[21]  B. R. Ickes, T. M. Pham, L. A. Sanders, D. S. Albeck, A. H. Mohammed, and A. Granholm, “Long-term environmental enrichment leads to regional increases in neurotrophin levels in rat brain,” Experimental Neurology, vol. 164, no. 1, pp. 45–52, 2000.
[22]  T. L. Spires, H. E. Grote, N. K. Varshney et al., “Environmental enrichment rescues protein deficits in a mouse model of Huntington’s disease, indicating a possible disease mechanism,” Journal of Neuroscience, vol. 24, no. 9, pp. 2270–2276, 2004.
[23]  B. Steiner, C. Winter, K. Hosman et al., “Enriched environment induces cellular plasticity in the adult substantia nigra and improves motor behavior function in the 6-OHDA rat model of Parkinson's disease,” Experimental Neurology, vol. 199, no. 2, pp. 291–300, 2006.
[24]  J. A. Baur, “Resveratrol, sirtuins, and the promise of a DR mimetic,” Mechanisms of Ageing and Development, vol. 131, no. 4, pp. 261–269, 2010.
[25]  D. Kim, M. D. Nguyen, M. M. Dobbin et al., “SIRT1 deacetylase protects against neurodegeneration in models for Alzheimer's disease and amyotrophic lateral sclerosis,” The EMBO Journal, vol. 26, no. 13, pp. 3169–3179, 2007.
[26]  L. Deng, Z.-N. Wu, and P.-Z. Han, “Effects of different levels of food restriction on passive-avoidance memory and the expression of synapsin I in young mice,” International Journal of Neuroscience, vol. 119, no. 2, pp. 291–304, 2009.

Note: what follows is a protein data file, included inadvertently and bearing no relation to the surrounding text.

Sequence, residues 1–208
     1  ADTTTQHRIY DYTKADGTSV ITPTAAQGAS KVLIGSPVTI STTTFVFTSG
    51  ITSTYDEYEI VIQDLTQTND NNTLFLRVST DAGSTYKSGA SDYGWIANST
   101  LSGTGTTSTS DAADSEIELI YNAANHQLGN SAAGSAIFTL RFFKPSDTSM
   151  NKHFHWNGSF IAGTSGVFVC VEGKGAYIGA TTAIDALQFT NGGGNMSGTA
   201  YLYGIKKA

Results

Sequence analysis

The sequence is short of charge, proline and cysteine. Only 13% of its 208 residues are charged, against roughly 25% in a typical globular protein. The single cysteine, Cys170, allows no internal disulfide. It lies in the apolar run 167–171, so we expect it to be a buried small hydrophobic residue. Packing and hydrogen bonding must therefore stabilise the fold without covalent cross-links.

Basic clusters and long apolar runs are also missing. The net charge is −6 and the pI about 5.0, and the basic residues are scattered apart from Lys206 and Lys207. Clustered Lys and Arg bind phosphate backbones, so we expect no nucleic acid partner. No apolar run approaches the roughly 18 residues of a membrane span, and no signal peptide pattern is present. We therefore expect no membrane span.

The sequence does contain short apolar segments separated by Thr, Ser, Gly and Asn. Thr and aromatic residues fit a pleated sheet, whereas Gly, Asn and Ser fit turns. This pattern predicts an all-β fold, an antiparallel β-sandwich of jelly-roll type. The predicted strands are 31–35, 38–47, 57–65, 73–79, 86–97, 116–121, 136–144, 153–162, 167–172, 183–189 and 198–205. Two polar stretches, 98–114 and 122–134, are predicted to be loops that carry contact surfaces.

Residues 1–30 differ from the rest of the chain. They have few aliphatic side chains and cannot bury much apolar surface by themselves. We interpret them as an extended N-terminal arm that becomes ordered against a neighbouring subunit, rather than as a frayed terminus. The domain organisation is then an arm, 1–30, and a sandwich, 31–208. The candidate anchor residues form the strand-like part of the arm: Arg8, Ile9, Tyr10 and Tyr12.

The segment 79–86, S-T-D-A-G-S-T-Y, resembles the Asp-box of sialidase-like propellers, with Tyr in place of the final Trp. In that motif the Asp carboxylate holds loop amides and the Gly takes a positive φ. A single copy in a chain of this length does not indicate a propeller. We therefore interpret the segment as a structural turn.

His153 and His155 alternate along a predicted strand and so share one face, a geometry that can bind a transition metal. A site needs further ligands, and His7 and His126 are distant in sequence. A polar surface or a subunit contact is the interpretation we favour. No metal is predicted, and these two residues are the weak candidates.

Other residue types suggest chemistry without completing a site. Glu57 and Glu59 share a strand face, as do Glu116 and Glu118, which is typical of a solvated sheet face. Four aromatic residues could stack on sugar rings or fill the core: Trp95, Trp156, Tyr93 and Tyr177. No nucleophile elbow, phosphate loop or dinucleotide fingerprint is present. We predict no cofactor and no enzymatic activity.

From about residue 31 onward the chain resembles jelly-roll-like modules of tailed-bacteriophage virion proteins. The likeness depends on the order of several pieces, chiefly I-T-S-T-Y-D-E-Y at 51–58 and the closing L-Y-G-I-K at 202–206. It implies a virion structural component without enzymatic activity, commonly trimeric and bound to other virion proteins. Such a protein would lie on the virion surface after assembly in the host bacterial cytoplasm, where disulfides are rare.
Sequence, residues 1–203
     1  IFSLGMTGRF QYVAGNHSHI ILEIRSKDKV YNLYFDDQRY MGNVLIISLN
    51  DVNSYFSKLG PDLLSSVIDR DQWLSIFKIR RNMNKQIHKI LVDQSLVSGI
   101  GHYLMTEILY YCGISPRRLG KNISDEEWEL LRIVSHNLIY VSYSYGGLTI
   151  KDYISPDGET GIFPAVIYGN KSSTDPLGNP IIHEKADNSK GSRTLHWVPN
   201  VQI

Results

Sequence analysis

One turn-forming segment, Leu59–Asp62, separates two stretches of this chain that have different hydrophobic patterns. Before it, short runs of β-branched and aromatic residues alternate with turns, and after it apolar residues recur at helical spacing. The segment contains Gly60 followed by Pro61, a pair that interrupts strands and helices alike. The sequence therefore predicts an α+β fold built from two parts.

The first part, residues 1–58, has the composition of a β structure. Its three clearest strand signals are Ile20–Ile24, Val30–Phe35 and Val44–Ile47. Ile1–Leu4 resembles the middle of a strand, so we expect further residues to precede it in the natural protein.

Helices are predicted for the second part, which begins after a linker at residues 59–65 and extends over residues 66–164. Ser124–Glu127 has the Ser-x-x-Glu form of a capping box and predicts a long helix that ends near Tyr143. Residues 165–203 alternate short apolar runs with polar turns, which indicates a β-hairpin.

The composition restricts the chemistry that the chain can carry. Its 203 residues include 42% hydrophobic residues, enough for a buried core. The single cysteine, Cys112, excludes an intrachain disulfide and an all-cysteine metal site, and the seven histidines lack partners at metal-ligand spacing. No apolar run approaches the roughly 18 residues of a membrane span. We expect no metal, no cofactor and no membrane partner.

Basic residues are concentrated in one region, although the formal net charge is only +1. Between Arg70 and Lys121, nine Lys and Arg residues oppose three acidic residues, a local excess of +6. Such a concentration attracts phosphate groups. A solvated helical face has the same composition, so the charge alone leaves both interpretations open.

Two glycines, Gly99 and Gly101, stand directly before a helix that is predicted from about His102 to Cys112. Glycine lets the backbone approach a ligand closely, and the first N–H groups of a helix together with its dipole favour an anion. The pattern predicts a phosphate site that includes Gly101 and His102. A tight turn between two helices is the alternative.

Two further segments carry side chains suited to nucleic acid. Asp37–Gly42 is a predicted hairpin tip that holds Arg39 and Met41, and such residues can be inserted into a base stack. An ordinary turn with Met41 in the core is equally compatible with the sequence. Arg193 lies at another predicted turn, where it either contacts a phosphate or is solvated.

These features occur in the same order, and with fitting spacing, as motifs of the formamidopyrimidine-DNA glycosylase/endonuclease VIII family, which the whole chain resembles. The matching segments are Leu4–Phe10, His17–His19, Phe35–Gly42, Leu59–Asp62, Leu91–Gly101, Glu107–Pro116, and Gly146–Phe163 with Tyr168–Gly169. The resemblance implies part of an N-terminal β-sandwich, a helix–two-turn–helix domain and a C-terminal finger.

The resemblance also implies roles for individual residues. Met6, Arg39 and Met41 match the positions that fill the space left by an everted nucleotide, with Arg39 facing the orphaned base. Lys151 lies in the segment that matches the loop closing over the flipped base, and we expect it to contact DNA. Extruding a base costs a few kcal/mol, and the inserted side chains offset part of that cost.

[27]  T. Hashimoto and S. Watanabe, “Chronic food restriction enhances memory in mice-analysis with matched drive levels,” NeuroReport, vol. 16, no. 10, pp. 1129–1133, 2005.
[28]  S. Yanai, Y. Okaichi, and H. Okaichi, “Long-term dietary restriction causes negative effects on cognitive functions in rats,” Neurobiology of Aging, vol. 25, no. 3, pp. 325–332, 2004.
[29]  L. L. Harburger, T. J. Lambert, and K. M. Frick, “Age-dependent effects of environmental enrichment on spatial reference memory in male mice,” Behavioural Brain Research, vol. 185, no. 1, pp. 43–48, 2007.
[30]  M. P. Mattson, W. Duan, J. Lee, and Z. Guo, “Suppression of brain aging and neurodegenerative disorders by dietary restriction and environmental enrichment: molecular mechanisms,” Mechanisms of Ageing and Development, vol. 122, no. 7, pp. 757–778, 2001.